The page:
Normally, when you think of post-traumatic stress disorder, you think of soldiers returning from battles with a foreign enemy, not women battling infertility. Surprisingly though, researchers have found that women undergoing fertility treatments are highly likely to develop PTSD and are calling for a change in the definition of the disorder.
Based on a survey conducted by Allyson Bradow who is the Director of Psychological Services at Home of the Innocents, 50% of women who went through fertility treatments met the criteria for PTSD. As a result of their stressful experiences, infertile women are 6 times more likely to suffer from PTSD than the general population. This has led some to believe that perhaps the definition for PTSD needs to be expanded. Currently, its definition limits its diagnosis to those who have “experienced or witnessed a life-threatening event or [an] event that could cause serious injury.”
Bradow believes that it should also be diagnosed for those who have experienced trauma due to the failure to meet expectations for life.
The ability to procreate is believed to be a fundamental life process. Trauma is defined as a wound or injury. The word origin of injury comes from the Latin “injuria” (in = not + jus = right) and its definition is to cause one to suffer hardship and loss undeservedly and unexpectedly. Therefore, if one loses his/her ability to procreate, this satisfies the definition of trauma. It is not uncommon for couples struggling with infertility to suffer from anxiety, depression, and other related symptoms. Any time a person’s heart is set on something, particularly a life accomplishment like procreation, they are bound to react extremely emotionally to a negative outcome. Some find procreation so important, that they feel they have not lived up to the expectations of life when they cannot conceive and are severely traumatized by it. Whether or not this stress can be considered PTSD or not is yet undecided. What is clear though is that infertility physicians and clinics need to ramp up their counseling services. If infertility is an unfixable issue, then couples need help finding a way to be content with it, so they can live emotionally- and mentally-healthy lives.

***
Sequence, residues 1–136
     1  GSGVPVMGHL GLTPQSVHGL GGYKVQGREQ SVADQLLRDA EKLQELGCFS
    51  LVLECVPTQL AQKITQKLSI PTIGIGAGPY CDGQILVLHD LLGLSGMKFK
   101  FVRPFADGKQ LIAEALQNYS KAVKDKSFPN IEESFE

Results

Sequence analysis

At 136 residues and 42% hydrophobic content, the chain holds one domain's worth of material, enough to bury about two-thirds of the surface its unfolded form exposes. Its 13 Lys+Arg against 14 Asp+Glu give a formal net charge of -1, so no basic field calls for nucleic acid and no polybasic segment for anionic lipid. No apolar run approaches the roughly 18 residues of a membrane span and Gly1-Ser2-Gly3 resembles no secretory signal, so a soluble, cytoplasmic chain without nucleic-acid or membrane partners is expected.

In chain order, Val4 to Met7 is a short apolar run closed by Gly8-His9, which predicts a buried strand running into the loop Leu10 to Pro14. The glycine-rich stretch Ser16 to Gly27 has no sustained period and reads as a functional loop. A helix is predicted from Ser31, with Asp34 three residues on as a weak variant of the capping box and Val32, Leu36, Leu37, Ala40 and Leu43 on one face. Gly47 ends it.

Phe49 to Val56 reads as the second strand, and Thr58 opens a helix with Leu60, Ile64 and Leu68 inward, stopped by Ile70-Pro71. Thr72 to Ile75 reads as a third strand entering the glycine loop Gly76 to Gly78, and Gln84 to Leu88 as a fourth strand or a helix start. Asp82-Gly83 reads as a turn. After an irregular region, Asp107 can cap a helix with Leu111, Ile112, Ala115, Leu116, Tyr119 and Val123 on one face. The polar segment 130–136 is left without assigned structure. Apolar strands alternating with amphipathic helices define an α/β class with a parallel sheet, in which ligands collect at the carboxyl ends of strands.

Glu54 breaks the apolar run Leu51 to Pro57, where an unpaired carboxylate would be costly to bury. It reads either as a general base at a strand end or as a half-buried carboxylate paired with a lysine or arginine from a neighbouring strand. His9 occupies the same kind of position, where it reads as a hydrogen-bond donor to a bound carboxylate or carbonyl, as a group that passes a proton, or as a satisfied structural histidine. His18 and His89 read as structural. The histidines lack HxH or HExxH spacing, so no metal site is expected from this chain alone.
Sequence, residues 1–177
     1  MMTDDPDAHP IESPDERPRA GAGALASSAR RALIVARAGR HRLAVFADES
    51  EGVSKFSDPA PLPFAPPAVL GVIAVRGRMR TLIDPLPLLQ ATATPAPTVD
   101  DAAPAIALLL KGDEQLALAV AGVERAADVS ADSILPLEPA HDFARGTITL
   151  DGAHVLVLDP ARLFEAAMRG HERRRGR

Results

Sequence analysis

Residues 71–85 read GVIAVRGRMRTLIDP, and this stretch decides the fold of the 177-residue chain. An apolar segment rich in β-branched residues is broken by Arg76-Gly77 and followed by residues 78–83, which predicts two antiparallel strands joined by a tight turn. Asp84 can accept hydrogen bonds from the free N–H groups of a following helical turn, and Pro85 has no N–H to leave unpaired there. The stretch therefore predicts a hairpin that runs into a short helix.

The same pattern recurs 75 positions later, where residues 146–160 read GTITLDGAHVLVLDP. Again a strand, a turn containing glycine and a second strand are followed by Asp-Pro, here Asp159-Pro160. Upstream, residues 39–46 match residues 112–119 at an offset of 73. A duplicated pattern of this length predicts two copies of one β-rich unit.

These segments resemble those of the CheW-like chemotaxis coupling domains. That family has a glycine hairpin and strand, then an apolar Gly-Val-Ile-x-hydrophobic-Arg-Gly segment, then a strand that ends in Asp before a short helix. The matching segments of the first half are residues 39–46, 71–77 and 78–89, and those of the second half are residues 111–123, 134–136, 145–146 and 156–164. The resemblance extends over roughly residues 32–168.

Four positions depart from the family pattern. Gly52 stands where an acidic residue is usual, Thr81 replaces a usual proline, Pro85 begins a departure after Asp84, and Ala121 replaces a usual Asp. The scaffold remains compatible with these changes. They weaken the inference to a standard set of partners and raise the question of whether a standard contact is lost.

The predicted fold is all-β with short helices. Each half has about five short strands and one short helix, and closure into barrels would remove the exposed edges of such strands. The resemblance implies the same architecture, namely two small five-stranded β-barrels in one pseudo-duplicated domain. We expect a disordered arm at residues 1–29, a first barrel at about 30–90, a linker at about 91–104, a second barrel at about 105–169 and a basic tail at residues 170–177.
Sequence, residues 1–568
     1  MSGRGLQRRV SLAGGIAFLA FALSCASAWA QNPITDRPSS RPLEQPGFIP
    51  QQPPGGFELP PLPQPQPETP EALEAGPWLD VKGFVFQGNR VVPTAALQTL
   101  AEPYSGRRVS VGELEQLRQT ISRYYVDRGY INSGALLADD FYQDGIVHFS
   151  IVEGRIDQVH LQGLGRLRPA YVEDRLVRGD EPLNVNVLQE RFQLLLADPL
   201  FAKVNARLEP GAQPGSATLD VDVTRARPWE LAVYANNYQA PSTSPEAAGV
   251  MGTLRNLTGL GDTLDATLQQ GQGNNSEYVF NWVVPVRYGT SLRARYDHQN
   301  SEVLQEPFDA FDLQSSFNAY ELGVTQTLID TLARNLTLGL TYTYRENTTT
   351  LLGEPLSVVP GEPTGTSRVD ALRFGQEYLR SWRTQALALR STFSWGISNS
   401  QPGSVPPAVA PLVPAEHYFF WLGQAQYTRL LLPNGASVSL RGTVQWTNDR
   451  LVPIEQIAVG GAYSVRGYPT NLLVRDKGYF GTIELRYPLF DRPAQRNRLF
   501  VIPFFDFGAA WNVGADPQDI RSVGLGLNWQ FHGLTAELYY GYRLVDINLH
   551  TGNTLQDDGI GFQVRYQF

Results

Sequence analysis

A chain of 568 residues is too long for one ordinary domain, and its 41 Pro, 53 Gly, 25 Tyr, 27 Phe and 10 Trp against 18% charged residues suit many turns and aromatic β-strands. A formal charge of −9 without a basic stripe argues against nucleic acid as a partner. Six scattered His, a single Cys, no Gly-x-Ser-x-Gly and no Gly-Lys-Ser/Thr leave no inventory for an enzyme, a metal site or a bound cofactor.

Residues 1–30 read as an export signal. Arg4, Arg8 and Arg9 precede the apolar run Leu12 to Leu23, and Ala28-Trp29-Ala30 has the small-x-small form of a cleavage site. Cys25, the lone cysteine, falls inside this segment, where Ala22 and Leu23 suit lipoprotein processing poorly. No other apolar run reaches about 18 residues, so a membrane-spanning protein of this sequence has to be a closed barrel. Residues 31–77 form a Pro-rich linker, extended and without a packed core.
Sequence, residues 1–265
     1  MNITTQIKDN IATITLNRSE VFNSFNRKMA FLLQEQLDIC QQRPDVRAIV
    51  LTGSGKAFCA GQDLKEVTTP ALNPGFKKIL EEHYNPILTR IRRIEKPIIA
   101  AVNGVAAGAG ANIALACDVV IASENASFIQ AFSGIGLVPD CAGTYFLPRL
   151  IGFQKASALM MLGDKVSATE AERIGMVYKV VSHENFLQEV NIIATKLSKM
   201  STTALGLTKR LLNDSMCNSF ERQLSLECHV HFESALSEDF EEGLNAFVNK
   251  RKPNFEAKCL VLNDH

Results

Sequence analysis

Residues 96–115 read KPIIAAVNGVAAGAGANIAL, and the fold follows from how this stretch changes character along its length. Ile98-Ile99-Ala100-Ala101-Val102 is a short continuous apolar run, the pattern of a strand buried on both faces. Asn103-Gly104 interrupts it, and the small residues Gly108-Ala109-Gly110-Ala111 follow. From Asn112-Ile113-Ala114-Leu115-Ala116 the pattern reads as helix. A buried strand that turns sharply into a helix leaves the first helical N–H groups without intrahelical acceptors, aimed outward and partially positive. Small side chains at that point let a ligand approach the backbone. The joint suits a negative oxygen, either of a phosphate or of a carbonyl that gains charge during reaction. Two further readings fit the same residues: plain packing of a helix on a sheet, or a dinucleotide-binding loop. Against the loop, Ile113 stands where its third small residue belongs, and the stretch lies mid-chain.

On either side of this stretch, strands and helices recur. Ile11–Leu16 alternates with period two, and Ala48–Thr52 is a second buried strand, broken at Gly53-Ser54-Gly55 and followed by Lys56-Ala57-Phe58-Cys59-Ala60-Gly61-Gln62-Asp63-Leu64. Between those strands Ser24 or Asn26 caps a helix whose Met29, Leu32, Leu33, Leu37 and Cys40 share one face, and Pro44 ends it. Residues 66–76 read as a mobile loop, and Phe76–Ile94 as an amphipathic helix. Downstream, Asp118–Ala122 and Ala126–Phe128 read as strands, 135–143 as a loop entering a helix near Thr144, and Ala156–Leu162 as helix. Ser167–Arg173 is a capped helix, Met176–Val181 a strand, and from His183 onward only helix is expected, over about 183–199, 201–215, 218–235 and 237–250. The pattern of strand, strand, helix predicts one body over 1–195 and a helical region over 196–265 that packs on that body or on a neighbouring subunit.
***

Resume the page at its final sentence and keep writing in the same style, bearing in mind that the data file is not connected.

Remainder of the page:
- Yvonne S. Thornton, M. D., M. P. H.